Last thing… your team has been very impressive, and you have lots of guys with NBA experience or who are NBA prospects. So the big question is: how many games would your team win in the NBA?
Well, it depends on different situations. On October 2nd, the Lakers come here to play us – well, we’ve already been in training camp since about August 23rd. So, we’re already a month-and-a-half ahead. We’re in shape ready to play our first regular-season game, and the Lakers have to come here and play us when they’re fresh off of vacation in the Bahamas or wherever, and they only have a few days to prepare for us. That game might be a little different because we’ll be ready to go.
Now, you talk about February and the All-Star break, and our team being at the peak right now, and the NBA teams also being at a high level, then you have to see.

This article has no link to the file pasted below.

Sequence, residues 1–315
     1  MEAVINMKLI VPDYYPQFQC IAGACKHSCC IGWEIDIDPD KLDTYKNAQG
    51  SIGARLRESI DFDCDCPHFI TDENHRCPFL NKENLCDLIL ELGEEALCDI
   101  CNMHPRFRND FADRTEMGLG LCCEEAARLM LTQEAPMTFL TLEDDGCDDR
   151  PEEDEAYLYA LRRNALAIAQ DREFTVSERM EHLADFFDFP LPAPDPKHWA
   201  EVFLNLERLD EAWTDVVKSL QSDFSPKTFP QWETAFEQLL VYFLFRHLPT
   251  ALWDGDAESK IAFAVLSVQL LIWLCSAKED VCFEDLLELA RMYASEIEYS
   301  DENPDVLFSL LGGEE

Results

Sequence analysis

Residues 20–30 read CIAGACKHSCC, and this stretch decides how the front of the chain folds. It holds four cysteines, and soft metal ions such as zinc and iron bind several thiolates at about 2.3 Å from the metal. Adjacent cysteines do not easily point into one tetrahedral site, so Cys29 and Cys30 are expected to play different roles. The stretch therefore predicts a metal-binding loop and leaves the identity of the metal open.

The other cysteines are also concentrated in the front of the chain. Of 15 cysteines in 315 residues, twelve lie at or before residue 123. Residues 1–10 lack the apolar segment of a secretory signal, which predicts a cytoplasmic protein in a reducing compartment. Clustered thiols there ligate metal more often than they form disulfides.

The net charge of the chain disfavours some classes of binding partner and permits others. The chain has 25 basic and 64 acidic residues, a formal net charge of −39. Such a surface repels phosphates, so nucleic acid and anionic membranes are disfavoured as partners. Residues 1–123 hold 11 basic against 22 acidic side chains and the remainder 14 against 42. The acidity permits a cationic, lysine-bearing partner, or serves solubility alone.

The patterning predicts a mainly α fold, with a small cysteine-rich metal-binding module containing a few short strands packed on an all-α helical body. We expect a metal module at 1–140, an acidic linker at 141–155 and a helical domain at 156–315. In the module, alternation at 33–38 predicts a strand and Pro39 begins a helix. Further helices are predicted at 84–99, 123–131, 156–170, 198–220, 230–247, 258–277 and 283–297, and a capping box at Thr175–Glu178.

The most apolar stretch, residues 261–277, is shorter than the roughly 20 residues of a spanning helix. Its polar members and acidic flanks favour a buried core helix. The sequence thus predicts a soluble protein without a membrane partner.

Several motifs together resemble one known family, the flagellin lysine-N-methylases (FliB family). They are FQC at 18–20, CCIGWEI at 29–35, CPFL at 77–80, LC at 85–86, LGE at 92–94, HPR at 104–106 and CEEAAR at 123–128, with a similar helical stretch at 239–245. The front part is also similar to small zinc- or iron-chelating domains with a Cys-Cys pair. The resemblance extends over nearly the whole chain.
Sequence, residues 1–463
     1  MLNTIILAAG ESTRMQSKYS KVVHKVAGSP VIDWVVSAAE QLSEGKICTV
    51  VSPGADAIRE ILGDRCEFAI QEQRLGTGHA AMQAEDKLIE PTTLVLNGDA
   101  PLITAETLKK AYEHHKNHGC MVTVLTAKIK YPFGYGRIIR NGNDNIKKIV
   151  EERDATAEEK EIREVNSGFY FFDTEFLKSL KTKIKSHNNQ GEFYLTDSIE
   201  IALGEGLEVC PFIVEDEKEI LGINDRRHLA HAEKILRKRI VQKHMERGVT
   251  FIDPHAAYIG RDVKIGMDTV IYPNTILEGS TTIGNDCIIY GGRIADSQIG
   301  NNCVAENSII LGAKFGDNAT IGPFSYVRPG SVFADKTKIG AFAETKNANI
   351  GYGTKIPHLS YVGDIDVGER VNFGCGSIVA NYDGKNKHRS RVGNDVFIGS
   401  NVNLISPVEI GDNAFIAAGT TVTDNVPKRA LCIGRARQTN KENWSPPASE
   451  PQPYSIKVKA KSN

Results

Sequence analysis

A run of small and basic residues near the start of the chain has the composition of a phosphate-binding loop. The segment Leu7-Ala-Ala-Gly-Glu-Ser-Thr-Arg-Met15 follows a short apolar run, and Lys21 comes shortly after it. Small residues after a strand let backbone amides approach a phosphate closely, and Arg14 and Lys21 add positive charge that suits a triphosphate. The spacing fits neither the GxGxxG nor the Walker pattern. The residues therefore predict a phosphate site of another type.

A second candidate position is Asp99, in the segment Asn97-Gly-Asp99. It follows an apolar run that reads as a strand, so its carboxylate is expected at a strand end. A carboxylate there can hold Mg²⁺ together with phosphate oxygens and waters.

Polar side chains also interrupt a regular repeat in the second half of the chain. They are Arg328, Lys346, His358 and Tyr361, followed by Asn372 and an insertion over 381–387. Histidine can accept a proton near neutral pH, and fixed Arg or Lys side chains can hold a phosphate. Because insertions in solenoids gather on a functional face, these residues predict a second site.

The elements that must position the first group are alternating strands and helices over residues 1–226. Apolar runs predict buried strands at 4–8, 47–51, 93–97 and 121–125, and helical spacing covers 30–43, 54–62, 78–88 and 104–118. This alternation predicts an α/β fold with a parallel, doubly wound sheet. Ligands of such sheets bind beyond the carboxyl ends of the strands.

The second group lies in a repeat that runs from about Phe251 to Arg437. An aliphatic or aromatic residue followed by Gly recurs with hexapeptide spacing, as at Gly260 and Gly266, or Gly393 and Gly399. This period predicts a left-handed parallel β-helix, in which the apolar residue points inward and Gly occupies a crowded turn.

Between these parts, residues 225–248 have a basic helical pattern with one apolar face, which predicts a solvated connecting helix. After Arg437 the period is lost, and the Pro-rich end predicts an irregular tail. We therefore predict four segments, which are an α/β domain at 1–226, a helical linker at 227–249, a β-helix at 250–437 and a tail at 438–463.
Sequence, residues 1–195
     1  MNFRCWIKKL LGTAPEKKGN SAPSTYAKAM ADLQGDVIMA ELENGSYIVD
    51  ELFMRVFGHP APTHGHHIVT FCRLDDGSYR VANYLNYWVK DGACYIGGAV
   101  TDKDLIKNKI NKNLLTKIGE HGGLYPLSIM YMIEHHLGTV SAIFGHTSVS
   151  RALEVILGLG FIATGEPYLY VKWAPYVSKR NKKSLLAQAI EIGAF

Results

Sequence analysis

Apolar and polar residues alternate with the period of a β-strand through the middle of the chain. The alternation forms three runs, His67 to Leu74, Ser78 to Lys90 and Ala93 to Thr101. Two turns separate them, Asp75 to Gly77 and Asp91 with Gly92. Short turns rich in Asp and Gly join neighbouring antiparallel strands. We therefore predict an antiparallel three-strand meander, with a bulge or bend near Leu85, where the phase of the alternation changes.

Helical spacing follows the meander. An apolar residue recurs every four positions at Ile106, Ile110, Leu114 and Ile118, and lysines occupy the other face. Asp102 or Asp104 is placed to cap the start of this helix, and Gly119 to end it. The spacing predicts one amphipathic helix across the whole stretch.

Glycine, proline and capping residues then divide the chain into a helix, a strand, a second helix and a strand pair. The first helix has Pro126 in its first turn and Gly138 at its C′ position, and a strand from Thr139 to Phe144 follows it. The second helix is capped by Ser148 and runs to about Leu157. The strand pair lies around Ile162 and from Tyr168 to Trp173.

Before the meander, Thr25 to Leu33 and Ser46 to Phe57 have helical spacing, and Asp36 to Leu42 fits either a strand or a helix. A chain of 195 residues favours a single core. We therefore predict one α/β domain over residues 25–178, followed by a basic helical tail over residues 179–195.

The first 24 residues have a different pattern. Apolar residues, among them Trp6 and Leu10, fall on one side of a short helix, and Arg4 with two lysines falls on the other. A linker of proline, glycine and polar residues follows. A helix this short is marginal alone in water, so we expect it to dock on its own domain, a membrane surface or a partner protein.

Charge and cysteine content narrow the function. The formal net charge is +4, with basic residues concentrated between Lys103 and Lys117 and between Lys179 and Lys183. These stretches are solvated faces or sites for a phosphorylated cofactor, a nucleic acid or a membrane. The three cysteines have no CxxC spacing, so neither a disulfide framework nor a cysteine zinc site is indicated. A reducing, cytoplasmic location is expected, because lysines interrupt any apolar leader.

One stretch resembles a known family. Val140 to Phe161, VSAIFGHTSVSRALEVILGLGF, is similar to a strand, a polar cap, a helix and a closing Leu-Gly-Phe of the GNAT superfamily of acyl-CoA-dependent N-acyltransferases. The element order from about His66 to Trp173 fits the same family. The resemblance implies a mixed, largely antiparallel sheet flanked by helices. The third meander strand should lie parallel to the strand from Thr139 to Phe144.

I like to get into debates a lot, but when it comes to Europe and NBA, it’s two different games, two different rules… It would also depend on the rules we play. If we play by FIBA rules, as you’ve seen in the recent Olympics and the World games, the USA struggles a lot when they play FIBA rules, there’s no doubt. Now, if we played NBA rules, I’m sure USA would always dominate.
You’ve seen Argentina years ago, with Ginobili, Scola, and these guys – they beat these guys in the World games in Indianapolis and the 2004 Olympics under FIBA rules. In 2008, the USA avenged themselves and they won, of course, but they didn’t do it easy (laughs). It was a difficult game against Spain – it came down to one or two possessions.
So, it depends on the rules we play. If we play FIBA rules, it’s going to be a very, very, very difficult game for NBA players to play. We all know that, we watched that – the World games and Olympics are evidence. There’s no doubt about it. We play NBA rules, maybe us guys in Europe have a harder time. It all depends on the rules we play.
Thanks for your time today, and best of luck to you and your team.
I appreciate it, thanks a lot.
Again, you can read more from Pete Mickeal in his blog on HoopsHype.